Desert Zones of Subtropical Belts

The following article is from The Great Soviet Encyclopedia (1979). It might be outdated or ideologically biased.

Desert Zones of Subtropical Belts


natural zones in the subtropical belts of the northern and southern hemispheres in which desert landscapes predominate. Whereas in North Africa these desert zones stretch along the southern Mediterranean coast, in Asia they are not continuous. They occur in parts of southern Middle Asia (south of 40° N. lat.), within the Iranian Plateau, and in patches in the semidesert area of northern Syria and Iraq. The desert zones of the subtropical belts also include the high-altitude “cold” deserts of the Eastern Pamirs and Tibet. In North America, subtropical deserts are found in the southern part of the Great Basin, the Mojave Desert, and the northern part of the Mexican Meseta Central. In Australia, subtropical desert zones occupy the southern parts of the continent, where they are a continuation of the deserts of the tropical belt. In South Africa, the landscapes of the subtropical deserts lie on plateaus and within the intermontane depressions of the Great Karroo. In South America, subtropical desert zones are confined to the eastern slopes and foothills of the Andes, where they alternate with semideserts.

Subtropical desert zones show a great diversity in their topography, which encompasses both the flat coastal plains of the southern Mediterranean and the high mountainous regions of the Pamirs and Tibet. Orographic features are frequently responsible for the existence of subtropical deserts. For example, the subtropical deserts of North and South America are largely caused by orographic barriers that intercept much of the precipitation borne by the westerly winds.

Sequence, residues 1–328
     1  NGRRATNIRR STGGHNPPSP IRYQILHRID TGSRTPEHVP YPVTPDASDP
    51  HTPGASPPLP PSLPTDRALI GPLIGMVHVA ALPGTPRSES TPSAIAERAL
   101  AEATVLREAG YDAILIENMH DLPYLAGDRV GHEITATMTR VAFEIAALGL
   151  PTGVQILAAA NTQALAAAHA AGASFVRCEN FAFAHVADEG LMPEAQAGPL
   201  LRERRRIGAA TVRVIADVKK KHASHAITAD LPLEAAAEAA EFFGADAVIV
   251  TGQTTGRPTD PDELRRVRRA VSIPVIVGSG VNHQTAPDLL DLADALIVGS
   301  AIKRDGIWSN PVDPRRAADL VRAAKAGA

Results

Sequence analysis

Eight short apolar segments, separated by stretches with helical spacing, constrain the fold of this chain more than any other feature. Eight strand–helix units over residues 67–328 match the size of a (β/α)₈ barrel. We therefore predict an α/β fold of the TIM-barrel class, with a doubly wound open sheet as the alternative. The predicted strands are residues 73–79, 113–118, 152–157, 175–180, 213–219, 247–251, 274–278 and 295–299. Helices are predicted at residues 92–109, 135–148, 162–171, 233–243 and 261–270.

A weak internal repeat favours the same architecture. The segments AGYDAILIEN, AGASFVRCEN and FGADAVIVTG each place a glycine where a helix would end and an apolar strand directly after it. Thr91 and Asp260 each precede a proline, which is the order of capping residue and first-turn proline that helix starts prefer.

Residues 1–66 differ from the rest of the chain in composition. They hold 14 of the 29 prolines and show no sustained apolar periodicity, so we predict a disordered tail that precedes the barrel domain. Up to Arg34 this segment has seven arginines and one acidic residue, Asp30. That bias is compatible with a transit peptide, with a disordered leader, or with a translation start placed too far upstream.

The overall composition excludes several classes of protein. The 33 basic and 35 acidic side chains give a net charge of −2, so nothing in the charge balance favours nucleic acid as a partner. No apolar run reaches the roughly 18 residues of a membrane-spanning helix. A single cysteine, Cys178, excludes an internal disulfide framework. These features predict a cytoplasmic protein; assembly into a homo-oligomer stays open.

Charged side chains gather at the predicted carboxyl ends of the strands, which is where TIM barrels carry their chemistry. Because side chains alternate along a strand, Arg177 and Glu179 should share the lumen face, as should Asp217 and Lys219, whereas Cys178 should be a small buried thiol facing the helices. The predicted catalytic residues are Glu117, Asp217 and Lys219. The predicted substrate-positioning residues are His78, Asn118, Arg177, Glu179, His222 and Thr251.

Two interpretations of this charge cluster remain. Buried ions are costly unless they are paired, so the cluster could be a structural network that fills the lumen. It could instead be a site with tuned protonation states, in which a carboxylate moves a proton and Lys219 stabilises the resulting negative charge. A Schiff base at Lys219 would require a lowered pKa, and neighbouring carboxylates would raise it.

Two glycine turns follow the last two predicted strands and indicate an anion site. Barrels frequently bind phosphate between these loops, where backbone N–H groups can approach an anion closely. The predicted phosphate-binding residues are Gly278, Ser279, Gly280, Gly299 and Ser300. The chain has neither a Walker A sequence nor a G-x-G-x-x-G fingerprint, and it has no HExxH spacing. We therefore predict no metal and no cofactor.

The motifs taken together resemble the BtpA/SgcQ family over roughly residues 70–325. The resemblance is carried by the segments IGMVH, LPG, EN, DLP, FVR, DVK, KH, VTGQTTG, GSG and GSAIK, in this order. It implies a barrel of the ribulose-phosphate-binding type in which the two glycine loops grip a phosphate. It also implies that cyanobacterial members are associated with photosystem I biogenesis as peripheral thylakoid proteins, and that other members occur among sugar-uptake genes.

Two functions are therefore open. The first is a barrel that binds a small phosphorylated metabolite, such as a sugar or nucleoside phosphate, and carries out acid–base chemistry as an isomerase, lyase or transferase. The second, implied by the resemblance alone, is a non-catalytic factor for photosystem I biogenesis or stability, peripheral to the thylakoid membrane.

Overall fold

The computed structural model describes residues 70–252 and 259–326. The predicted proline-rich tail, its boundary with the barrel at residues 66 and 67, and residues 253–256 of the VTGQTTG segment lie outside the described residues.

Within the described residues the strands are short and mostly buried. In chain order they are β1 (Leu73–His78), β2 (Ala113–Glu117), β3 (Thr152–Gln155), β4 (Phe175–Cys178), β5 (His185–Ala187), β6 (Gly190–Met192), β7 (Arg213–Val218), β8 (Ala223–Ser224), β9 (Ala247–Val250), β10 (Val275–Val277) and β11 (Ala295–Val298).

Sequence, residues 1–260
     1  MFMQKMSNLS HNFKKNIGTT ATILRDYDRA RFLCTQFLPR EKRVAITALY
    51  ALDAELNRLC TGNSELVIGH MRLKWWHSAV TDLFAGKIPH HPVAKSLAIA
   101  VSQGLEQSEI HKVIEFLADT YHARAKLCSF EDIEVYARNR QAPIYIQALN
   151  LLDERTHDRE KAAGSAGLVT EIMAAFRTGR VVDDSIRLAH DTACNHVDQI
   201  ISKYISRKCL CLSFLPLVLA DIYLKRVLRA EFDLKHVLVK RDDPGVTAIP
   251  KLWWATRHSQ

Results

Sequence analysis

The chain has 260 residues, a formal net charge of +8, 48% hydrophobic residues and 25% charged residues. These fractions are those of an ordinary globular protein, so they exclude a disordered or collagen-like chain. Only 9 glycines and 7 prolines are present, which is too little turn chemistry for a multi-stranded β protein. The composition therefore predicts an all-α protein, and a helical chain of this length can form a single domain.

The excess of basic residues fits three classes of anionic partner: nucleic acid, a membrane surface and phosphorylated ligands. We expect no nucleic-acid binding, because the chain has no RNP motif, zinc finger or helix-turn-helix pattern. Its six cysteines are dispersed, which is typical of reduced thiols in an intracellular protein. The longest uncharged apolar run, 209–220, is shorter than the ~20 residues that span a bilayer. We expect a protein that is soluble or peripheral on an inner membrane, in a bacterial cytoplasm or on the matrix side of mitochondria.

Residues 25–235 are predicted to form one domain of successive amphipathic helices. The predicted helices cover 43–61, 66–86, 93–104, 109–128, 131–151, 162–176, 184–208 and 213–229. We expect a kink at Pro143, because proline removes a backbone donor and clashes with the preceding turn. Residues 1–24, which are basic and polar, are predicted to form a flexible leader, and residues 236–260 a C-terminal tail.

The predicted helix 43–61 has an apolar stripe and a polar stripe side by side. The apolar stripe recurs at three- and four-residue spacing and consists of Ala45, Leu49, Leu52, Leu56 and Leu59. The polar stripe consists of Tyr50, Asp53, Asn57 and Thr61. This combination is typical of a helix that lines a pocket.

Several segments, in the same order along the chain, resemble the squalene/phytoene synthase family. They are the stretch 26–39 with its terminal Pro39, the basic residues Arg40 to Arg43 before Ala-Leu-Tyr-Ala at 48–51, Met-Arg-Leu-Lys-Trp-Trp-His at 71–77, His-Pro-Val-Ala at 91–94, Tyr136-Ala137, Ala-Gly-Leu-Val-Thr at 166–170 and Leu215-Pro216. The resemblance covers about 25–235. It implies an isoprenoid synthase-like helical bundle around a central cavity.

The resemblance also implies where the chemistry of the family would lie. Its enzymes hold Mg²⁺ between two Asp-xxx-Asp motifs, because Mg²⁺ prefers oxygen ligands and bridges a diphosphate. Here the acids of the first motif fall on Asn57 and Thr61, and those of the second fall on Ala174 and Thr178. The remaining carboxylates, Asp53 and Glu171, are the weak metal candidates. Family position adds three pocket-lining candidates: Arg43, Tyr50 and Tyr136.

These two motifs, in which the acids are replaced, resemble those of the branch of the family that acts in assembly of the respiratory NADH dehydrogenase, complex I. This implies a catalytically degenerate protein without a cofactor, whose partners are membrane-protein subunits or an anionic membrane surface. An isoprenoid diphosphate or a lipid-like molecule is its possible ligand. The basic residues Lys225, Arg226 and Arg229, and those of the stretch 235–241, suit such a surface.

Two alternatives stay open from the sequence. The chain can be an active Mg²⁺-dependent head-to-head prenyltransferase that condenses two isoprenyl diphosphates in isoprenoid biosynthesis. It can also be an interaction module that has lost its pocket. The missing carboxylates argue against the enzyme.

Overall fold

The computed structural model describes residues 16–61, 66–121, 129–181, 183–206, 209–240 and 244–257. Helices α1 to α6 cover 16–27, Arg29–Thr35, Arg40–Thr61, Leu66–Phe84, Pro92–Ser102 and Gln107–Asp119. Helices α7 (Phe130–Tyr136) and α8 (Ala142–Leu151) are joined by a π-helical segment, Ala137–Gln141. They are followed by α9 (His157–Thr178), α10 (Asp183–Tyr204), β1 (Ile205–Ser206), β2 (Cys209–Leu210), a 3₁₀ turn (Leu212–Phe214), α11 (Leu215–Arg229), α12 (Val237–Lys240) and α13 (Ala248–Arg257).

On the plains of the northern hemisphere the climate of such desert zones is marked by hot summers and cool winters. The July temperature normally ranges between 25° and 35°C and the January temperature, between 5° and 15°C. Death Valley in North America, where the temperature may reach 56.7°C, is one of the hottest places on earth. The high-altitude deserts of the Pamirs and Tibet have a cold continental climate. Here, summer temperatures do not exceed 10°-15°C, and temperatures of –15° to –20°C are common in winter. The annual precipitation does not exceed 200 mm, with the most arid deserts receiving less than 50 mm. The evaporation greatly exceeds precipitation. The annual solar radiation is 670-750 kilo-joules per sq cm (160-180 kilocalories per sq cm).

The surface runoff is negligible. Rivers usually contain water only during rains, and they frequently empty into undrained salt lakes.

The vegetation of the hot deserts of Eurasia and North Africa is quite varied. Associations of wormwood (Artemisia) and ephemerals grow on clay soils, psammophytic scrub vegetation occurs on sandy stretches, and halophytes are common in low-lying places. The landscapes of Tibet and the Eastern Pamirs are almost totally devoid of vegetation. Often the plant cover consists solely of sparse growths of low tussocky semishrubs (Fanacetum, Ceratoides, Ephedra), herbacious perennials with woody stem bases (Artemisia, Astragalus), and low-growing turf grasses. Associations of Carex and Kobresia are found in many low-lying areas. The vegetation of the Australian deserts consists of sparse stands of xerophilic shrubs and semishrubs, growing on red and brown stony and gypsum subtropical soils. In South Africa, where the winters are warm, the subtropical deserts support stem and leaf succulents as well as shrubs. Associations of shrub halophytes, including tamarisk, occur on saline soils. The prevalence of succulents (cactus, yucca) is also characteristic of the vegetation of the subtropical deserts of North and South America.

Desert animals have adapted to life in the open spaces. They can go without water for long periods and often have a yellow or yellow-brown adaptive coloration. Jerboas, gerbils, ground squirrels, and antelopes inhabit the Asian deserts, and marmots, lizards, and snakes abound in the high-mountain Asian deserts. Antelopes and hyenas thrive in the African deserts. On other continents the fauna of subtropical deserts is more varied and includes many species that also live in tropical deserts. The desert zones of subtropical belts are used mainly as year-round pastures.


The Great Soviet Encyclopedia, 3rd Edition (1970-1979). © 2010 The Gale Group, Inc. All rights reserved.